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2 F.C. Church Leaders Differ Sharply On Marriage Equality Court Decision

VIRGINIA ATTORNEY GENERAL Mark Herring speaking at a press conference following the announcement that the U.S. Supreme Court ruled for marriage equality across the Potomac. Upon his election by under 200 votes in 2013, Herring, a former state legislator from Loudoun County, became the first state attorney general in the U.S. to refuse to defend his state's own anti-gay laws, setting the stage for an appeal to the U.S. Supreme Court. (Photo: News-Press)
VIRGINIA ATTORNEY GENERAL Mark Herring speaking at a press conference following the announcement that the U.S. Supreme Court ruled for marriage equality across the Potomac. Upon his election by under 200 votes in 2013, Herring, a former state legislator from Loudoun County, became the first state attorney general in the U.S. to refuse to defend his state’s own anti-gay laws, setting the stage for an appeal to the U.S. Supreme Court. (Photo: News-Press)

The rectors of Falls Church’s two Protestant congregations that have been at serious odds with each other for the better part of a decade, the Falls Church Anglican, the bulk of whose members defected from the historic Falls Church in 2006, and the “Continuing Episcopalians” who endured a seven-year legal battle to force the Anglicans out and to reclaim the historic church site for themselves, differed sharply on the outcome of the U.S. Supreme Court ruling on Friday that established marriage equality (including between same-sex couples) as the law of the land.

The Rev. John Ohmer of the Falls Church Episcopal, which is now solidly established at the historic church, issued the following statement, sent to the News-Press Sunday:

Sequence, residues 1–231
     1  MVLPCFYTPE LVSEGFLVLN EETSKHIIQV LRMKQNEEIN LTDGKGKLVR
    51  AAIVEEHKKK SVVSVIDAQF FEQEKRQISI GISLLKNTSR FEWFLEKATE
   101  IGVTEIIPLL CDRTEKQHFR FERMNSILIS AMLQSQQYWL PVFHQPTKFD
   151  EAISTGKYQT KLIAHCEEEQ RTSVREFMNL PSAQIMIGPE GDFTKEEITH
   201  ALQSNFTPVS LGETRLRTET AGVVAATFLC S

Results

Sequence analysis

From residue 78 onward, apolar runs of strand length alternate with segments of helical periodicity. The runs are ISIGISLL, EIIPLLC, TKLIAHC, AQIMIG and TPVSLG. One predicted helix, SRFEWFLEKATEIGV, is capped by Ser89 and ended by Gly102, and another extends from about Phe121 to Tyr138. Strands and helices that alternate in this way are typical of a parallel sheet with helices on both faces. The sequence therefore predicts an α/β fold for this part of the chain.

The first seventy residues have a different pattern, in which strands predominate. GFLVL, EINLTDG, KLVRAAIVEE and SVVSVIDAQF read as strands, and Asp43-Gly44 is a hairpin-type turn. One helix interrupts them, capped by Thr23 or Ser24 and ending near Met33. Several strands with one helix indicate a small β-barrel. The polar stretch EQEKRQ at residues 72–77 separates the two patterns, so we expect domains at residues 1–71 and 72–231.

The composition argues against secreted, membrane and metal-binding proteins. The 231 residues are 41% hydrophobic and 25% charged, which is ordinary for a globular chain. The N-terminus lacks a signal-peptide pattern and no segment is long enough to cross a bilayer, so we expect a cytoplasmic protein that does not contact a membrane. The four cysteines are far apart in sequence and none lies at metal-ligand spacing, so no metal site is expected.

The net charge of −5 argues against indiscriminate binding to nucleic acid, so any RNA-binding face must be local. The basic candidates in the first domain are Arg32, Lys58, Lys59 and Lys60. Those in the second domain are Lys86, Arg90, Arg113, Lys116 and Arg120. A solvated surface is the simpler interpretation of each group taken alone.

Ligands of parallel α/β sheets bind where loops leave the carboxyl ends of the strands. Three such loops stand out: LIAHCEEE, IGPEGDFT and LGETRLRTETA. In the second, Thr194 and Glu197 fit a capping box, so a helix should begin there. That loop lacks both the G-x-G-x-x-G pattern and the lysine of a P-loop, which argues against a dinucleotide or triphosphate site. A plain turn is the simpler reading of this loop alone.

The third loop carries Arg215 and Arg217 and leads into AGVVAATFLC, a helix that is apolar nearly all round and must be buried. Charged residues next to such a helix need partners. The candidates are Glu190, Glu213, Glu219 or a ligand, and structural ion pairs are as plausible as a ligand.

Statement of Rev. John Ohmer

“I’ve never understood why conservatives, of all people, would be opposed to people lining up and fighting for the opportunity to join the inherently conservative institution of marriage. Couples want to marry – to make lifelong promises to be exclusively loyal to one another, to be faithful to each other as long as they both shall live. And some people oppose that? Couples want – to paraphrase the United Methodist pastor and author Adam Hamilton – to share their lives together as one another’s helpers and companions, hold hands, share dreams, help one another when one is struggling, share memories, companionship, and a warm embrace, commit to love one another ‘for better and for worse, for richer for poorer, in sickness and in health, to love and to cherish until they are parted by death’ – and some people are somehow against that? On moral grounds?!? Committed, unconditional, mutual, exclusive, faithful, and lifelong covenant love is what couples sign on for when they marry each other. None of us keep those promises and vows perfectly. But the Supreme Court has said that that now, gay couples – no matter what state they happen to live in – can at least legally try. I say thanks be to God. And if couples – straight or gay – are looking for a faith community in which to make, and then try to honor those lifelong commitments, well, The Episcopal Church welcomes them.”